HMS Prince of Wales forward 14-inch guns fired a salvo upon the Bismarck. HMS Suffolk and HMS Norfolk were still out of range to join the battle. Both HMS Hood and HMS Prince of Wales were taking water ‘green’ over the bows as they smashed into high seas. Spray from the sea blinded their main rangefinders making it difficult to fire upon Bismarck.
Three shells from HMS Prince of Wales hit the Bismarck. The first strike put the seaplane catapult out of action. The second shell passed through the bow, and the third went through the hull and exploded inside the ship. Bismarck’s suffered with bulkhead damage, and flooding in the generator room and partly flooding the boiler room. The Bismarck now listing a little towards the port side, and leaving and oil slick from the damage from the forward fuel tanks.
The sinking of HMS Hood
5:55am, The Bismarck and Prinz Eugen fired upon HMS Hood. A shell hit HMS Hoods deck, resulting in a fire in the ammunition store. Another shell hit just below the bridge and foretop radar director.
6:00am, Vice-Admiral Holland ordered both HMS Hood and HMS Prince of Wales to turn to port, bearing both forward and aft large guns towards Bismarck. During the manoeuvre, Bismarck now around 9 miles away started firing salvos from the large 15-inch guns. Some of the shells straddled HMS Hood, landing to the port and starboard of the ship.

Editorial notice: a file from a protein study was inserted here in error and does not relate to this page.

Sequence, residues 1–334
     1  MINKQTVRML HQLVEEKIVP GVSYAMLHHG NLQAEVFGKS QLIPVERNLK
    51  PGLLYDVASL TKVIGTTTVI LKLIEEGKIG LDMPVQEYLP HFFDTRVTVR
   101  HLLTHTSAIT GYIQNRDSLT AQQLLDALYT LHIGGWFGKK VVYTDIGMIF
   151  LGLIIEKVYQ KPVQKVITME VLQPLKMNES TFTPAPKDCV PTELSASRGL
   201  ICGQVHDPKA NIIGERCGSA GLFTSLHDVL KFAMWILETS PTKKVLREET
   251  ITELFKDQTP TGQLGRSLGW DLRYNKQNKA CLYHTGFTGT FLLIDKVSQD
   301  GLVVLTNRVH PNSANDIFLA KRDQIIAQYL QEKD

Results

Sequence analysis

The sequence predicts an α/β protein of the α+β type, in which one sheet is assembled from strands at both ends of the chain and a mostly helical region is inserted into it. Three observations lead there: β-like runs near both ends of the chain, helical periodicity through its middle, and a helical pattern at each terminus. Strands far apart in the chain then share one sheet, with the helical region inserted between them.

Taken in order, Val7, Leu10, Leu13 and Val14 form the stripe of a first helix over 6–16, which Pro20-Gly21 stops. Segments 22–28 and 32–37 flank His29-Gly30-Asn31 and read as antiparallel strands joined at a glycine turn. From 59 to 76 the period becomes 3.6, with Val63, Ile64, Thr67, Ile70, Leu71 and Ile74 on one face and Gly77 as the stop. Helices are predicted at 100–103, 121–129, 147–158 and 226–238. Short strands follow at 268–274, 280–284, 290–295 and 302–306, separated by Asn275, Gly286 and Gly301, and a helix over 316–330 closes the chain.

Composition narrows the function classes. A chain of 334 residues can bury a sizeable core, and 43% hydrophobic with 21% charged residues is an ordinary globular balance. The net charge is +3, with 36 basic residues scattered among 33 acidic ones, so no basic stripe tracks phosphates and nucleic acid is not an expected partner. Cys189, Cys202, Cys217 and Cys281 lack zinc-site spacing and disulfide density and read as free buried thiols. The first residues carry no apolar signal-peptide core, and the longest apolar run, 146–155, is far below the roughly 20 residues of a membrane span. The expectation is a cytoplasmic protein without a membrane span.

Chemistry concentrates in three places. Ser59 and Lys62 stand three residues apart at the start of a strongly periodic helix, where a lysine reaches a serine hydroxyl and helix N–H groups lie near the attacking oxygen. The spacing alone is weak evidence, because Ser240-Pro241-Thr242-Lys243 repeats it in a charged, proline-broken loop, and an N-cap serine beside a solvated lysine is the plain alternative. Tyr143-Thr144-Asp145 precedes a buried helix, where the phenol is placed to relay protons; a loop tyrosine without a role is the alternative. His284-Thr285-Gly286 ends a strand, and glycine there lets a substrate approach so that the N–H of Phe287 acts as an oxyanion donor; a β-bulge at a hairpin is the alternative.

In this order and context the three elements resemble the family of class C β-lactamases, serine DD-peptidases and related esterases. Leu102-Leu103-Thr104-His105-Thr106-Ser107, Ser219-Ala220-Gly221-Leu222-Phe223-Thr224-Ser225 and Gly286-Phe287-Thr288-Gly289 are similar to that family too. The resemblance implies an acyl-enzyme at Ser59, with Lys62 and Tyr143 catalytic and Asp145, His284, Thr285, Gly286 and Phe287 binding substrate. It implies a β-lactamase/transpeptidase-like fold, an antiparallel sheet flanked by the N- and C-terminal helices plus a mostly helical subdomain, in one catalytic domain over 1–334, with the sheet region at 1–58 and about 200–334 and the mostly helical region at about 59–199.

Another shell had struck HMS Hood between the masthead and ‘X’ turret aft of the mast, causing a large pillar of flame on impact. A large explosion followed blowing both aft gun turrets off. The ship broke in two from an implosion that had been caused when the magazine exploded. The rear of the ship immediately fell away and sank, and the front of the ship rose out of the water. The front 15-inch guns fired off a salvo while in the upright position, just before the bow section sank into the sea out of sight.
During the explosion, HMS Prince of Wales became showered by small parts from HMS Hood half-a-mile away. It had taken just three minutes for HMS Hood to sink with 1,415 of the crew.
Upon hearing that HMS Hood had been hit, HMS Electra picked up speed and headed to the location.
HMS Prince of Wales took an avoiding manoeuvre to avoid the wreckage of HMS Hood, while becoming and easier target.
Both Bismarck and Prinz Eugen took advantage by firing salvos from their large guns with seven shells hitting HMS Prince of Wales. The superstructure was struck, killing several of the crewmen in the Compass and Air Defence Platforms. Crew had been killed when the aft radar office was hit. Two shells hit the aft of the ship below the gun turrets and below the amour belt underwater. Neither of those shells exploded, but they resulted in minor flooding. The ship had lost some of the main armament with intermittent problems.
6:04am, Captain Leach turned HMS Prince of Wales away, giving off a smoke screen while firing from the rear guns. A shell ring jammed and cut off the ammunition supply, making the rear guns redundant.
6:10am, HMS Prince of Wales retired from the battle, with 13 crew killed and nine wounded. The Bismarck and Prinz Eugen broke off the engagement to carry out their main objective of sinking the Allied convoys in the North Atlantic. This effectively ended the Battle of the Denmark Strait.
HMS Electra arrived two-hours after HMS Hood had sunk, they had prepared to pickup many survivors. HMS Icarus and HMS Anthony arrived shortly after and joined in the search amoungst the floating debris, driftwood, broken rafts, clothing, and personal effects.
Out of 94-officers and 1,321 seamen of HMS Hood, only three survivors became found. They were rescued from the cold Atlantic sea by HMS Electra.
Survivors of HMS Hood
- Ordinary Signalman, Ted Briggs (1923–2008)
- Able Seaman, Robert Tilburn (1921–1995)
- Midshipman, William John Dundas (1923–1965)